Originally Posted by Stormrider
I have 2 308's one is an M40A1 clone from Texas Brigade Armory with a 26" barrel, the other is a parts gun that I made up from spares and a takeoff Rem PSS barrel cut to 20".
A 300 Win Mag from TBA w/26" bbl.
A 300 RUM from TBA w/26" bbl.
And an AR15 in 300 Whisper.
Powder scale is a PACT electronic scale, no ogive tool, Scopes are IOR 3X18X42, 2 Leupold 4.5X14X50 and a US Optics 3.2X17.
No mirage shades.
Man, you have some nice stuff. You should/will have fun with these laser-like projectiles. They actually are consistent as if they were lathe-turned.
To really get serious and try to shoot bug holes with these projectiles, I recommend the following as these were the basic steps we used to test the bullets:
--We always shot with a mirage shade on the barrel to keep the heat rejected by the barrel from getting into the line of sight of the scope.
--We had Jewell triggers on our guns.
--We always indexed our cases. Specifically, we performed runout tests on each round and marked the high side and indexed them into the chamber with the high side up.
--We always seated our bullets with a micrometer seating die. Coupled with this is the ogive nose and base installed on dial calipers to ensure the ogive is in the exact same distance from the lands.
--We used a powder scale that was of lab quality and is accurate to .02 grains. This really helps when you are attempting to minimize the velocity spread. We weighed each charge to -.00 and + .02 grain for each charge.
--We always used bushing sizing dies to ensure that the neck is concentric and that the expander ball does not touch the neck. This controls neck tension to the highest degree.
--Along with the bushing die is turning the case necks. This ensures the case necks are the same thickness for the entire neck cricumference.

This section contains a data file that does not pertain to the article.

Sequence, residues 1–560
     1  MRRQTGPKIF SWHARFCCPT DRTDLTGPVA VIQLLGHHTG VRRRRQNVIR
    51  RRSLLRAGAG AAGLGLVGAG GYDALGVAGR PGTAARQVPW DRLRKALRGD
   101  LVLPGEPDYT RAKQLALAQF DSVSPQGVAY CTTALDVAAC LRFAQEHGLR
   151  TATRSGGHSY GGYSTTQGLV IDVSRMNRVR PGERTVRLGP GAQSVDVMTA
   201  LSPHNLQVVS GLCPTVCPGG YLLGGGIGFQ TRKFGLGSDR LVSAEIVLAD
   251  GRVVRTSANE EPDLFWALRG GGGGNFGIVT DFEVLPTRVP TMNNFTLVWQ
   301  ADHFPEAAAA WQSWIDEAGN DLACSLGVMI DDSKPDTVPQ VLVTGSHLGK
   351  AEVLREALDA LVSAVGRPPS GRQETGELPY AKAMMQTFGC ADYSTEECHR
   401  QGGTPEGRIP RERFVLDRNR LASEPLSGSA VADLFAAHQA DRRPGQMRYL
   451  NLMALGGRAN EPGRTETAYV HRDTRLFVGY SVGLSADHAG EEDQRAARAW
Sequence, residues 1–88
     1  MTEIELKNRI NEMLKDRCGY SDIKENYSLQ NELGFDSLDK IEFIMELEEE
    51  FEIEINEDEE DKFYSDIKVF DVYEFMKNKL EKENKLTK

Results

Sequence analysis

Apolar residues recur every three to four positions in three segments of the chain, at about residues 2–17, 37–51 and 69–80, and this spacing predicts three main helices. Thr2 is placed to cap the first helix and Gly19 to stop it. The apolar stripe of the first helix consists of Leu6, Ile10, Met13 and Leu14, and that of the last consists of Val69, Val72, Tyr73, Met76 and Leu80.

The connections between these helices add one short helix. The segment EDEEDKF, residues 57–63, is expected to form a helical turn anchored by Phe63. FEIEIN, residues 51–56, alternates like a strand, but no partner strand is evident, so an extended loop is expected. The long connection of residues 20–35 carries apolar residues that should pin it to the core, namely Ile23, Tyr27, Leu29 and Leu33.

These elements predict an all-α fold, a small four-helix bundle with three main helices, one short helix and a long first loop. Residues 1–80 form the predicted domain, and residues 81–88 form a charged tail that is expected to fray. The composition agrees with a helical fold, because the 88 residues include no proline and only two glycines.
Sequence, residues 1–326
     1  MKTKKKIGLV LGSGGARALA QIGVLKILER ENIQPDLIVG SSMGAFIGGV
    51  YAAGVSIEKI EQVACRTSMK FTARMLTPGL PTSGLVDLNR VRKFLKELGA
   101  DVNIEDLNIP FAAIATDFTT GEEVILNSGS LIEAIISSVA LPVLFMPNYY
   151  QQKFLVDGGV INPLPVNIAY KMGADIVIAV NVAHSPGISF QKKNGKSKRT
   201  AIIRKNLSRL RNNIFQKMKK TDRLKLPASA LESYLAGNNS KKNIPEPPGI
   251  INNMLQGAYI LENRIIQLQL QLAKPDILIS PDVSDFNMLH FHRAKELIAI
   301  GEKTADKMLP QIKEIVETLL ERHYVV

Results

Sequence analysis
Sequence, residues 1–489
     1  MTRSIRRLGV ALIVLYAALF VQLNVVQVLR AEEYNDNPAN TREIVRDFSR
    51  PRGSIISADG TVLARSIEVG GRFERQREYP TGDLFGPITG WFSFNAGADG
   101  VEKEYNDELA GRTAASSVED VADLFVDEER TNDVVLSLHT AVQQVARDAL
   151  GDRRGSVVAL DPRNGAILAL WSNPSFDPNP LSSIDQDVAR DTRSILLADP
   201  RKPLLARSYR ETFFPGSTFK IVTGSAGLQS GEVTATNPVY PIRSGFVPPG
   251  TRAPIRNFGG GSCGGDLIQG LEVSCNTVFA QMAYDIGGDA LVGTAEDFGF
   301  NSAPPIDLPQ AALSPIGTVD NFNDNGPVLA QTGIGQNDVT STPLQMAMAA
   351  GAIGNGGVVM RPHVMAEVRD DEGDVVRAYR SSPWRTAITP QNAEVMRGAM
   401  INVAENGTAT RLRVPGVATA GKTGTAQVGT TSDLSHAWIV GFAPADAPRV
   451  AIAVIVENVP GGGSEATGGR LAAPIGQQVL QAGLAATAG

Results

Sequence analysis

--When we sized the cases we did so in a manner and to an amount such that there was light resistance on the bolt the last 10 degrees of closing. This was checked without the firing pin installed and with a sized round without primers.
--We tuned the primer pockets so that the primer had some resistance on the last one or two degrees of motion on the priming tool.
--We uniformed the flash holes. This is a no brainer to ensure the ignition source and size is uniform from shot to shot.
--We sorted the brass into one grain weight groups and took the culls that were way outside the groups and used it for this published testing. So all this shooting is with brass that has a wide variance in its weight.
--We stuck our hand into the bag of bullets and pulled out what was needed. We did not sort bullets in any fashion.
--We always fouled the barrel with two shots prior to shooting for record.
--After each shot, we stabilized the barrel harmonics by grabbing it to supress any vibration.
--We shot all groups between 0600 and 0830 except for the last shooting session mentioned yesterday. This prevents any ground mirage from interferring with the sight picture.
--We also used Bald Eagle rests and Protektor bags and use a doughnut under the rear bag.
Other than what I mentioned above everything else is fairly standard.
Note: We purposefully left the two accuracy variables on the table due to limited numbers of test bullets and limited amounts of brass. For our long range hunting rounds those two variables will be removed as we will sort the bullets and use the sorted brass in our hunting rounds.
I think that is about it. If you need any clarification or help, let me know.